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pageant

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Important events

(detail)13. century | Opening

History

During religious celebrations, theatre plays were performed on movable podiums, in pageants. These then moved with processions through the town and stopped at different points. One entire play would always be shown on one podium. Based on certain evidence, however, it would have been impossible to place all of the actors and props on this kind of vehicle. Consequently, a flat car would be parked in front of the vehicle where the main scenes would be performed with the vehicle serving as backdrop.

 

 

"Methods of staging passion plays differed in various parts of Europe. In some countries they continued to be acted in churches. In England they were performed on movable carts called 'pageants' which went through the streets in slow procession, stopping at certain points to act a scene and then moving on to make way for the next. The York Cycle, for instance, consists of forty-eight short plays. Each was the responsibility of a particular guild, often chosen because of some connection with the subject of the play—the story of the Ark, for example, was acted by the shipwrights, the visit of the Magi by the goldsmiths, and so on.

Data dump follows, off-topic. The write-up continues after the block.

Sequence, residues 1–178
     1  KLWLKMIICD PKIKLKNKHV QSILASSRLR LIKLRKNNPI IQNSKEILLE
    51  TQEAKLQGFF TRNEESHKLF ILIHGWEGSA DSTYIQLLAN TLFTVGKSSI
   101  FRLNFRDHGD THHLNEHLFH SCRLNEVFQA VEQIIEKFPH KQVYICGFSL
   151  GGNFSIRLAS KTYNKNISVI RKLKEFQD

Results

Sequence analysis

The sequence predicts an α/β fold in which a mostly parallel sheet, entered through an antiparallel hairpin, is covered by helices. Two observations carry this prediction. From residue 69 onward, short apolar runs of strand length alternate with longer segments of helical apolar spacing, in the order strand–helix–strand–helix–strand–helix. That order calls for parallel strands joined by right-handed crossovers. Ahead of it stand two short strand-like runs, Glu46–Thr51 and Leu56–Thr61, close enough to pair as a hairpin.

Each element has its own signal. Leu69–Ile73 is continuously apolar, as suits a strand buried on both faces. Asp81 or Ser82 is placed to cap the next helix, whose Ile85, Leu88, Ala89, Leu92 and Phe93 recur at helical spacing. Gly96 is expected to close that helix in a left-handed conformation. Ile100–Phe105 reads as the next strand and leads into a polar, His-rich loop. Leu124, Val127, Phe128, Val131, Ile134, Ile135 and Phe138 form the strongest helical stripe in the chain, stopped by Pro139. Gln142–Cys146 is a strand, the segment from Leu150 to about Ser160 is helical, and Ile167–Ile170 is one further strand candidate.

The pageants were elaborate structures of two storeys—'a high place', runs one contemporary description, 'made like a house with two rooms, being open at the top; in the lower room they apparelled and dressed themselves and in the higher room they played.' There was a way down from the pageant to the street, and the action often spilled over in this way. 'Herod rages on the pageant and in the street also', says one stage direction. Some of the pageants were given special shapes; that for the Noah play, for instance, suggested a ship, Hell was a gaping mouth, etc. The scenes were acted with as much realism as possible, and some surprising effects were attempted, especially in the Hell scenes. "

IN: Tidworth, Simon : Theatres: An Illustrated History. London 1973 p. 37

 

 

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